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Three-dimensionally printed organs are pretty old hat by now. But while the technology has been applied to everything from artificial ears to replacement brain tissue , working ovaries have been outside the realm of possibility—until now, that is. Scientists from Northwestern University’s Feinberg School of Medicine and McCormick School of Engineering have developed “bioprosthetic” ovary structures that allowed infertile mice to not only ovulate but also birth and nurse healthy offspring, according to a paper published this week in the journal Nature Communications . Composed of rapid-prototyped gelatin scaffolds, and primed with immature eggs, the bioprosthetic ovaries successfully boosted the hormone production necessary for restoring fertility in the mice, researchers said. “This research shows these bioprosthetic ovaries have long-term, durable function,” Teresa K. Woodruff, a reproductive scientist and director of the Women’s Health Research Institute at Feinberg, said in a statement. “Using bioengineering, instead of transplanting from a cadaver, to create organ structures that function and restore the health of that tissue for that person, is the holy grail of bioengineering for regenerative medicine.” Related: Organovo’s Bioprinter Technology Could Lead to 3D Printed Human Organs Woodruff and company plan to test the structures in pigs, with an eye toward human trials in the future. The technology could have significant implications for women with fertility issues, particularly cancer patients who often lose their ovarian function after intensive chemotherapy. “What happens with some of our cancer patients is that their ovaries don’t function at a high enough level and they need to use hormone replacement therapies in order to trigger puberty,” said Monica Laronda, co-author of the study and a former post-doctoral fellow in the Woodruff lab. “The purpose of this scaffold is to recapitulate how an ovary would function. We’re thinking big picture, meaning every stage of the girl’s life, so puberty through adulthood to a natural menopause.” + Northwestern University Photo by Duncan Hull

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3D-printed ovaries let infertile mice give birth

Extraordinary man builds 25 plastic bottle homes for refugees in Algeria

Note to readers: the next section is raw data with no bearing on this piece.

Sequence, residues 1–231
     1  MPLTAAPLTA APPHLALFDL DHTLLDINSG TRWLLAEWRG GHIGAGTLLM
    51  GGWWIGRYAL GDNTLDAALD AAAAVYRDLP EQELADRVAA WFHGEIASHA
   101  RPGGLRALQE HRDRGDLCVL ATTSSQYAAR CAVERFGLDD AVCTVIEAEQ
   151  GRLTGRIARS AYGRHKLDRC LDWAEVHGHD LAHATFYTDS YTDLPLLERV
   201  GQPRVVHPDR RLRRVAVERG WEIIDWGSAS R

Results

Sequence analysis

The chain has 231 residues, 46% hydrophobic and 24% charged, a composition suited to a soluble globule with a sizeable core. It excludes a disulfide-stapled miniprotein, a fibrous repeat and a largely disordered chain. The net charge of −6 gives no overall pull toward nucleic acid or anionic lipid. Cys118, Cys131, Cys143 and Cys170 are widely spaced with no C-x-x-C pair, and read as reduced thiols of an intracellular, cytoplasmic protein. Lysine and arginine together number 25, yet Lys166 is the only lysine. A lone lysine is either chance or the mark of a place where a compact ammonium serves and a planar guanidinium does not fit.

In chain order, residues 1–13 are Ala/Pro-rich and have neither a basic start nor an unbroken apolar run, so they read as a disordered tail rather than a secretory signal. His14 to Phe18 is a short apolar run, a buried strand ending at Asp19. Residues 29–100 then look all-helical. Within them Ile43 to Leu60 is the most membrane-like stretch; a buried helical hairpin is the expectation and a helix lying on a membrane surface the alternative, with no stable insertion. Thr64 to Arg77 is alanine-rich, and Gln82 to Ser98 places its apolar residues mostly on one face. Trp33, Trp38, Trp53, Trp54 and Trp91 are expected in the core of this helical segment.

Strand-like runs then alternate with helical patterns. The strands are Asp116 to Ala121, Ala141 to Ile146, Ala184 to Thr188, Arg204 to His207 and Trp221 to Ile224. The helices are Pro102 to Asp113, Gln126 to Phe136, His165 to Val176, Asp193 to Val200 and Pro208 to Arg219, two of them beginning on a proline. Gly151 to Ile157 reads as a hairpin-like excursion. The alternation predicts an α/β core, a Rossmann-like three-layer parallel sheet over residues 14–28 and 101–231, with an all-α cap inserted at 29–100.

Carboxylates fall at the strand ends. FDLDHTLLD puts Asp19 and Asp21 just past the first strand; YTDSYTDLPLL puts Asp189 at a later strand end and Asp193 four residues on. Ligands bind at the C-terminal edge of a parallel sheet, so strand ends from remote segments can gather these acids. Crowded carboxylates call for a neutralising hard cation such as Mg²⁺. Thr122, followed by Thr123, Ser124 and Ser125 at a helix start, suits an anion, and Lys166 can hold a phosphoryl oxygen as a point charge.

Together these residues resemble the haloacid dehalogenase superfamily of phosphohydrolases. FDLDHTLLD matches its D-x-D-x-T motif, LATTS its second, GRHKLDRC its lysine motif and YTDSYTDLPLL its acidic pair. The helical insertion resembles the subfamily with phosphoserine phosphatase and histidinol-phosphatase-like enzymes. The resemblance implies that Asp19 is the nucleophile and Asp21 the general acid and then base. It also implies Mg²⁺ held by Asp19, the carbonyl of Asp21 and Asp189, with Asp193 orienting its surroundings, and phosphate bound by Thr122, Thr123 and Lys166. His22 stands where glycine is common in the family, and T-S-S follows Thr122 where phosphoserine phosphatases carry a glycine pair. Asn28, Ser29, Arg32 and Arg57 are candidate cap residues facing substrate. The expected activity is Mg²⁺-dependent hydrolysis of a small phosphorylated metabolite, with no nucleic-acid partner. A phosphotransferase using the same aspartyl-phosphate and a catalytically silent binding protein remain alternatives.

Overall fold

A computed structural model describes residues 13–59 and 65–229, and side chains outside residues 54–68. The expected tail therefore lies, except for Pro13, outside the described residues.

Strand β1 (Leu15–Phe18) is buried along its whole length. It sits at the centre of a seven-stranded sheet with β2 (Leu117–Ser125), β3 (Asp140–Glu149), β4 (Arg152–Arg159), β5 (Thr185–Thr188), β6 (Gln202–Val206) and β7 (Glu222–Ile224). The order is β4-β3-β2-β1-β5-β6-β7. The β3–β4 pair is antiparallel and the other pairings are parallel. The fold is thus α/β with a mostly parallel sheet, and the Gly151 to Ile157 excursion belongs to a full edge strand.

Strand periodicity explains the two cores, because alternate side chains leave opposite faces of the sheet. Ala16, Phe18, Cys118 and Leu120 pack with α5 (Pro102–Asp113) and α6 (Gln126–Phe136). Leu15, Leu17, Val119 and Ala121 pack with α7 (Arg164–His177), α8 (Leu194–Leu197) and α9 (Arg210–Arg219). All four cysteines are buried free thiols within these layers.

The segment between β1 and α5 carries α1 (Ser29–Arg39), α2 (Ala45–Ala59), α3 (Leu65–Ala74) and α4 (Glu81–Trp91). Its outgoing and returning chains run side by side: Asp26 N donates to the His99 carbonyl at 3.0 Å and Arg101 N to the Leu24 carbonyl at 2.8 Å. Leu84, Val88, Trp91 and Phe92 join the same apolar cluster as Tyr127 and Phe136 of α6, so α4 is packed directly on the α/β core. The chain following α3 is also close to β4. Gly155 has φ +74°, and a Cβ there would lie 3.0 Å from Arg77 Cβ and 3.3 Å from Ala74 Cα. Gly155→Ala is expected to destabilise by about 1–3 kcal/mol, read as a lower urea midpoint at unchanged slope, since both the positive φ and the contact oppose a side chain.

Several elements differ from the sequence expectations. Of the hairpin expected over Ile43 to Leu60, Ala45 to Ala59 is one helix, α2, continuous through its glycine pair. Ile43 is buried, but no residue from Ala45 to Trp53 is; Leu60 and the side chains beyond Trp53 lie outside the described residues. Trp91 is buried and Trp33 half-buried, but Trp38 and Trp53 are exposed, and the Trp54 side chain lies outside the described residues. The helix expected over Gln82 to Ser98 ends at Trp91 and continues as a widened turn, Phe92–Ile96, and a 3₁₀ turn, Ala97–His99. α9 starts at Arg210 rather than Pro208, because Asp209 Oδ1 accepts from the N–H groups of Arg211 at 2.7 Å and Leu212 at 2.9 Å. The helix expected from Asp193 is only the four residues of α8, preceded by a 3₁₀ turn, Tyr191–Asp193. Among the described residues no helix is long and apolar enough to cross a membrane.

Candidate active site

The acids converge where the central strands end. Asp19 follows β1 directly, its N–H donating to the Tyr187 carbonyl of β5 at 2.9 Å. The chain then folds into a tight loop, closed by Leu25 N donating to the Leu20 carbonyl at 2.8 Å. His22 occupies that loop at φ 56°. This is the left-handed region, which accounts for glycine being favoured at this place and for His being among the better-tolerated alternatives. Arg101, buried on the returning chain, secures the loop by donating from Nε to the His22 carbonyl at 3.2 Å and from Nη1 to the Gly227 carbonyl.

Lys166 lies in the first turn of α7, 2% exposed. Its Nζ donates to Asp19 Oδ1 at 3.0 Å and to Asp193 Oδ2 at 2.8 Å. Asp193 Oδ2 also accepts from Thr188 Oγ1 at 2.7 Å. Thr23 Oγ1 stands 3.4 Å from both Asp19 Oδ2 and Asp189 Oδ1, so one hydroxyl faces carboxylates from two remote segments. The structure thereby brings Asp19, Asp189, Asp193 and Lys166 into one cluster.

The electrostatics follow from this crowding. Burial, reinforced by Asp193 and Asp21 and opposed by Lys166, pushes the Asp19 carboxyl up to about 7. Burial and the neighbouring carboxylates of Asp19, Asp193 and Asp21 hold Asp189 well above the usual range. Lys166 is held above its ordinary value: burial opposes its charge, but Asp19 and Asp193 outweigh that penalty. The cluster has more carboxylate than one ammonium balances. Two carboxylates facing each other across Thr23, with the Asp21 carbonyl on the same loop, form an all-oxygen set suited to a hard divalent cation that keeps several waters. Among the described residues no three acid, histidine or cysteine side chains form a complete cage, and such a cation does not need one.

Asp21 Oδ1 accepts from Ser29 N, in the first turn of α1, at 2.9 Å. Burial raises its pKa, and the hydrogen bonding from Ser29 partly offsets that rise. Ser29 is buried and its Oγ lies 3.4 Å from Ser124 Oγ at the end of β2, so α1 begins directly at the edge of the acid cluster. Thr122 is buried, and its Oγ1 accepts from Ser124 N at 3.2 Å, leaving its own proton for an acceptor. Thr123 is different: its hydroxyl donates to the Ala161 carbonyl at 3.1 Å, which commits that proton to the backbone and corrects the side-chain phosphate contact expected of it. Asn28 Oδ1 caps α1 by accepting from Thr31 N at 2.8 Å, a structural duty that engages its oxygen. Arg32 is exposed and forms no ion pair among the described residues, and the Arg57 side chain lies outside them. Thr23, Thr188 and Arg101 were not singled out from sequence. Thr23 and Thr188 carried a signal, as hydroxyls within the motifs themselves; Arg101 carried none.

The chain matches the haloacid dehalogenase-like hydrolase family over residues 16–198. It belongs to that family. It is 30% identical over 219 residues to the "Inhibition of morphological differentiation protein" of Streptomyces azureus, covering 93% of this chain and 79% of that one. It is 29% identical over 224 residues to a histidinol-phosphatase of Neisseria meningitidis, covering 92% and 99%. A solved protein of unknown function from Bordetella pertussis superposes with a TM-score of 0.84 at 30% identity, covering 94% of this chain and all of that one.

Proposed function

May 18, 2017 by  
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A Sahrawi refugee in Algeria is rebuilding lives – literally. Born and raised in the refugee camp in Awserd near Tindouf, 27-year-old Tateh Lehbib Breica is constructing disaster resistant homes using discarded plastic bottles – for himself and others. These recycled homes are specifically built to endure harsh desert conditions for an affordable price. It’s no easy feat to construct homes in a climate where temperatures can spike to around 113 degrees Fahrenheit. Sandstorms also prey on refugee shelters in five camps near Tindouf, Algeria, where people live after fleeing violence in the Western Sahara War over 40 years ago. But the area also faces destructive rainstorms – in 2015 heavy rains wrecked thousands of homes. Related: Mayor born in Syria converts abandoned Greek resort into a sanctuary for refugees Breica may have found a solution in old plastic bottles filled with sand. He has a master’s degree in energy efficiency after participating in a United Nations High Commissioner for Refugees (UNHCR) scholarship program. He’d intended to build a rooftop garden, growing seedlings in the bottles, but the circular shape of the energy efficient home he was building posed a challenge to that idea. He wondered what he could do with the bottles instead and recalled a documentary on building with plastic bottles he’d seen during his time at university. The plastic bottle homes can better withstand storms than adobe , mudbrick, or tent homes, and are water resistant. The homes have thick walls, and partnered with their circular shape, stand up better to sandstorms. Breica built the first bottle home for his grandmother, who was hurt while being carried to a community center to hunker down during a sandstorm. Working with UNHCR, Breica has built 25 homes so far. He’s earned the nickname Crazy with Bottles for his work. Although he’s won awards for his design, he said, “People still see me as the guy obsessed with recycling bottles and building unusual houses.” Via UNCHR Images © UNHCR/Russell Fraser

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Extraordinary man builds 25 plastic bottle homes for refugees in Algeria